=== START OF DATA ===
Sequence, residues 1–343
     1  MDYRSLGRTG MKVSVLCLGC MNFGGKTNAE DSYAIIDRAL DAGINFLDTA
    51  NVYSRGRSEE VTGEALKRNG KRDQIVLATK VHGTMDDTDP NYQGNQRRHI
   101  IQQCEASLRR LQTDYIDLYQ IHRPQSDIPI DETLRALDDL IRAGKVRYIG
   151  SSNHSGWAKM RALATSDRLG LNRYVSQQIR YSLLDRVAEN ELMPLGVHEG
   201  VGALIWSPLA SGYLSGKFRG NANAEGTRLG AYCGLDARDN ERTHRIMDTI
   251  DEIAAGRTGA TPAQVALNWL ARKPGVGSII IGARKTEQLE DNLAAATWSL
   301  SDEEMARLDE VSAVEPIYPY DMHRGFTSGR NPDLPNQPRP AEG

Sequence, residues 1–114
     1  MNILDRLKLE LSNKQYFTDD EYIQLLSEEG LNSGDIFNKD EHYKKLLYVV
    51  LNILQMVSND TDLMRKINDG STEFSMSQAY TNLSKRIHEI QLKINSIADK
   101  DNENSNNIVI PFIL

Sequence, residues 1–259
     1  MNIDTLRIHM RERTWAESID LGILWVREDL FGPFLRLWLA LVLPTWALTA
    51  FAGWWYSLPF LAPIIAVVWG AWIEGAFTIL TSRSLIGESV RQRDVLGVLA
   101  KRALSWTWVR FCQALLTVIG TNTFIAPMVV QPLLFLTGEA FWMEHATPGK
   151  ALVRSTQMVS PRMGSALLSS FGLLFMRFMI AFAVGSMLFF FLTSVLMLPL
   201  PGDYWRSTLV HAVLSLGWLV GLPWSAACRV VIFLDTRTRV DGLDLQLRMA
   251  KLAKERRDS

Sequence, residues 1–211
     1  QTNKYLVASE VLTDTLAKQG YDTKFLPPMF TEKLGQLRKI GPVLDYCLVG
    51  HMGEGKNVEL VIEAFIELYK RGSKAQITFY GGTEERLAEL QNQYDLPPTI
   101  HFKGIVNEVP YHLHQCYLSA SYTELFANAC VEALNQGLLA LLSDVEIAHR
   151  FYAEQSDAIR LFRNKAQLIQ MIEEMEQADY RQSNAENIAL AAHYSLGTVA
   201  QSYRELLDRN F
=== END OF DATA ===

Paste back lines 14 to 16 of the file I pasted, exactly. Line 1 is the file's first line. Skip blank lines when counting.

     1  MNIDTLRIHM RERTWAESID LGILWVREDL FGPFLRLWLA LVLPTWALTA
    51  FAGWWYSLPF LAPIIAVVWG AWIEGAFTIL TSRSLIGESV RQRDVLGVLA
   101  KRALSWTWVR FCQALLTVIG TNTFIAPMVV QPLLFLTGEA FWMEHATPGK